Next, the DSP 116 that is the main focus of the present invention will be described.

  FIG. 5 shows a first configuration example of the DSP 116 corresponding to a wide DR image that is a monochrome image. Hereinafter, a monochrome wide DR image input to the DSP 116 is described as a wide DR luminance image L. Further, the pixel value (that is, the luminance value) of the wide DR luminance image is described as L (p). Here, p is a vector or coordinate indicating the pixel position in the image, such as p = (x, y). Therefore, L (p) is used separately from L representing a wide DR luminance image, assuming that it includes information on both the pixel position and the luminance value. The same applies to other images described later and their pixel values.

  It is assumed that the luminance L (p) of the wide DR luminance image L is input to the DSP 116 in the raster scan order.

In the first configuration example of the DSP 116, the logarithmic conversion unit 141 performs logarithmic conversion on the input luminance L (p) and outputs the obtained logarithmic luminance logL (p) to the tone curve correction unit 142. The tone curve correction unit 142 applies a previously prepared tone curve to the input log luminance logL (p) and converts it into a direction of compressing the gradation, and the log luminance logL c (p) obtained is converted. The image is output to the reduced image generation unit 143 and the contrast correction unit 145. Further, the tone curve correction unit 142 outputs a representative value γ indicating the gradient of the applied tone curve to the contrast correction unit 145. Hereinafter, the representative value γ indicating the slope of the applied tone curve is also simply referred to as a representative value γ.

The reduced image generation unit 143 generates a reduced image logL cl based on the logarithmic luminance logL c (p) for one frame input from the tone curve correction unit 142 and stores it in the reduced image memory 144.

The contrast correction unit 145 holds the contrast weakened by the tone curve correction of the logarithmic luminance logL c (p) of the current frame input from the tone curve correction unit 142 in the representative value γ and the reduced image memory 144. Correction is performed based on the reduced image logL cl one frame before, and the obtained log luminance logL u (p) is output to the logarithmic inverse transform unit 146. The logarithmic inverse transformation unit 146 performs logarithmic inverse transformation on the logarithmic luminance logL u (p) whose contrast is corrected, and outputs the obtained normal axis luminance L u (p) to the gamma correction unit 147.

The gamma correction unit 147 performs gamma correction on the luminance L u (p) input from the logarithmic inverse conversion unit 146 in consideration of the gamma characteristic of the playback device (for example, the display 120), and obtains the obtained gamma corrected post-gamma correction The luminance Y (p) is output to the luminance region information calculation unit 148 and the luminance region normalization unit 151.

The luminance area information calculation unit 148 calculates luminance area information indicating the luminance distribution for one frame of luminance Y (p) input from the gamma correction unit 147, and calculates the luminance area information smoothing unit 149. To supply. The luminance region information smoothing unit 149 uses the luminance region information of the frame to be smoothed and the luminance region information (or smoothed luminance region information) of the frame having a predetermined relationship in the time direction, The luminance area information is smoothed and stored in the luminance area information memory 150. Here, the luminance area information is information indicating the range of the luminance distribution in one frame. For example, the luminance area information [Y represents the luminance Y d closest to the darkest and the luminance Y b closest to the brightest. d , Y b ].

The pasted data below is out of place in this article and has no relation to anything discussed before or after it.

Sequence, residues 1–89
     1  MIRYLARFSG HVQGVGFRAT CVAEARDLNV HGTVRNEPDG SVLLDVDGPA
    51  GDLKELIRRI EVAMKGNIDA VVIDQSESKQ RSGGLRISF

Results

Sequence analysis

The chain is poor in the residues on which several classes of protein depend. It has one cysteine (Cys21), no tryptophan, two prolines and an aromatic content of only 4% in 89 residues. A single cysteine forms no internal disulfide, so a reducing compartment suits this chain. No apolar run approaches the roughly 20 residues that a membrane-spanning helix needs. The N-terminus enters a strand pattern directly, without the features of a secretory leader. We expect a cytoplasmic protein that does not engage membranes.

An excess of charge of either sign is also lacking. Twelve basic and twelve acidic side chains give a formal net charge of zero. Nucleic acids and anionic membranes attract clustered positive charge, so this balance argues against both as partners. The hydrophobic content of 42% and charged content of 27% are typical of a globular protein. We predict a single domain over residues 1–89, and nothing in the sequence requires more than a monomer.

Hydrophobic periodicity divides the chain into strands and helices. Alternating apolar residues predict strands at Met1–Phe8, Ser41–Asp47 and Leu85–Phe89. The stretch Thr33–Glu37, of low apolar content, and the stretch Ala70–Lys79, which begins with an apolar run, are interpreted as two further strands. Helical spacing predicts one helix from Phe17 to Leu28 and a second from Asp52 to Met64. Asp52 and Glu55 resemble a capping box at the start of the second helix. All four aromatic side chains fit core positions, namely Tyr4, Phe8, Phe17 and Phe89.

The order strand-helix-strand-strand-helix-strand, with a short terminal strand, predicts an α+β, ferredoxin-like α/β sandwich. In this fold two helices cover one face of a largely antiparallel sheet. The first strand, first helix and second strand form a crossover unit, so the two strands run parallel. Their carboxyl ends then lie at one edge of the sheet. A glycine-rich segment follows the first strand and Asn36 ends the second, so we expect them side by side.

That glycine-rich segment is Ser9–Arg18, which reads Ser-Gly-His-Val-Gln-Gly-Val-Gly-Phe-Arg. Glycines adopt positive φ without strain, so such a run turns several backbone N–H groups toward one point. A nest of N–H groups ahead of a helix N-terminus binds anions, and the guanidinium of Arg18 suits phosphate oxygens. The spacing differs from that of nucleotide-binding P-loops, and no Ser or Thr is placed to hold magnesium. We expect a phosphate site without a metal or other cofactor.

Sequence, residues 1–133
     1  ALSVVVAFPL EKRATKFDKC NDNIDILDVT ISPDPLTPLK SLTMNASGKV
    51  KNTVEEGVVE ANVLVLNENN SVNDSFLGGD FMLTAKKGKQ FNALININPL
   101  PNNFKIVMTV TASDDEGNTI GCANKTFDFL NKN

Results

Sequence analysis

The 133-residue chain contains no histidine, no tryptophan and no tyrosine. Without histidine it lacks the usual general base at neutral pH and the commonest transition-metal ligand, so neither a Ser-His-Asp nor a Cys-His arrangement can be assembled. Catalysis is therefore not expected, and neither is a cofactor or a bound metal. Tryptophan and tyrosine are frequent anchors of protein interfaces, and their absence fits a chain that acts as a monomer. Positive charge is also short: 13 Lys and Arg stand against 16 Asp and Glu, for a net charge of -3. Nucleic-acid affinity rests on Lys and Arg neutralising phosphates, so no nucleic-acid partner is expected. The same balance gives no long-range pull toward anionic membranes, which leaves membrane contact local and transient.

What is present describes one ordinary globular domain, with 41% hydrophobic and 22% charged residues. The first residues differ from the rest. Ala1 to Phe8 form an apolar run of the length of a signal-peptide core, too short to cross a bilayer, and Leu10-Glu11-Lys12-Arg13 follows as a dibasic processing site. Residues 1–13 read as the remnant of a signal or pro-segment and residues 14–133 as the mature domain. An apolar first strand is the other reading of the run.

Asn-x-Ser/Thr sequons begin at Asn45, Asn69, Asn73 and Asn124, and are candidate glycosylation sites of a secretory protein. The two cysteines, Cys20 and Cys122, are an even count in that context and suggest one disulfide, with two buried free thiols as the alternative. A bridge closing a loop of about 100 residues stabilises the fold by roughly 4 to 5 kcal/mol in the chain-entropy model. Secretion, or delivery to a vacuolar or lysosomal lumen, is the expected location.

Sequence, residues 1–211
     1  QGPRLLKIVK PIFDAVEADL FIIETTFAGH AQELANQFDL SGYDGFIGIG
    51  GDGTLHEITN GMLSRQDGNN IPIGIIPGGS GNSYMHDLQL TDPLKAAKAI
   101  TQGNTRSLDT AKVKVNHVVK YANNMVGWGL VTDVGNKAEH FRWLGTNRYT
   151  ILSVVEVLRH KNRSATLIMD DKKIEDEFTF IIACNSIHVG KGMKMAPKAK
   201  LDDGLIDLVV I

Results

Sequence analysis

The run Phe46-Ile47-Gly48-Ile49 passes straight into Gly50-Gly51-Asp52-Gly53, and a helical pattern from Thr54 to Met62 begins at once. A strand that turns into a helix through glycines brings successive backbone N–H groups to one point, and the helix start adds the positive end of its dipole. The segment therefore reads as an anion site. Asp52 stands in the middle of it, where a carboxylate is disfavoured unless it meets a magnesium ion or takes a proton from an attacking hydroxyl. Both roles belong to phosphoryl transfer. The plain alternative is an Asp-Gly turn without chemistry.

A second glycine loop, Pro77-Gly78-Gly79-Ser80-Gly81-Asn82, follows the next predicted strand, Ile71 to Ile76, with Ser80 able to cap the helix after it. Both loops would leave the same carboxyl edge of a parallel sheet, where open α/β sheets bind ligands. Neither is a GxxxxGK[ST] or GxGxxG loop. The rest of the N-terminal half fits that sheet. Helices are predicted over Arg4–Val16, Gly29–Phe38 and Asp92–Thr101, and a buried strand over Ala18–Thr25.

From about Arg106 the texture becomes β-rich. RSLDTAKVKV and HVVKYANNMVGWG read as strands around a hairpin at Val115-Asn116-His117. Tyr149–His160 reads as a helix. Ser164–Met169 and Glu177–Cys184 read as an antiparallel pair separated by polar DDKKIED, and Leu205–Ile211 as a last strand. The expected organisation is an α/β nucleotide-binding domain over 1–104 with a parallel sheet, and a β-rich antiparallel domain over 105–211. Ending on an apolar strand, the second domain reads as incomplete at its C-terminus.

The luminance region normalization unit 151 is configured to use the luminance Y (p) of the current frame input from the gamma correction unit 147 based on the luminance region information [Y d , Y b ] of the previous frame held in the luminance region information memory 150. ) So that the distribution range matches the range that can be expressed by the playback device (for example, the display 120), and the obtained luminance Y n (p) is output to the subsequent stage as the pixel value of the narrow DR image.

As described above, in the gradation compression process according to the first configuration example of the DSP 116, the reduced image logL cl is generated by the reduced image generation unit 143, and the luminance region information [Y d , Y b ] is calculated. The reduced image logL cl and the luminance area information [Y d , Y b ] are hereinafter referred to as intermediate information.

  According to the DSP 116, intermediate information is calculated for each frame of the input wide DR luminance image, and the calculated intermediate information is used to process the wide DR luminance image after one frame.

  In general, in order to effectively perform gradation compression, information calculated based on luminance values in the entire image or a wide range on the image is necessary, but the time lag until the information is calculated increases. This is an implementation problem. Therefore, the DSP 116 selects intermediate information that is very difficult to change in time as the information, and uses intermediate information of the previous frame for gradation compression for the current frame. By adopting such a configuration, it is possible to avoid an increase in memory usage and circuit scale even when mounted.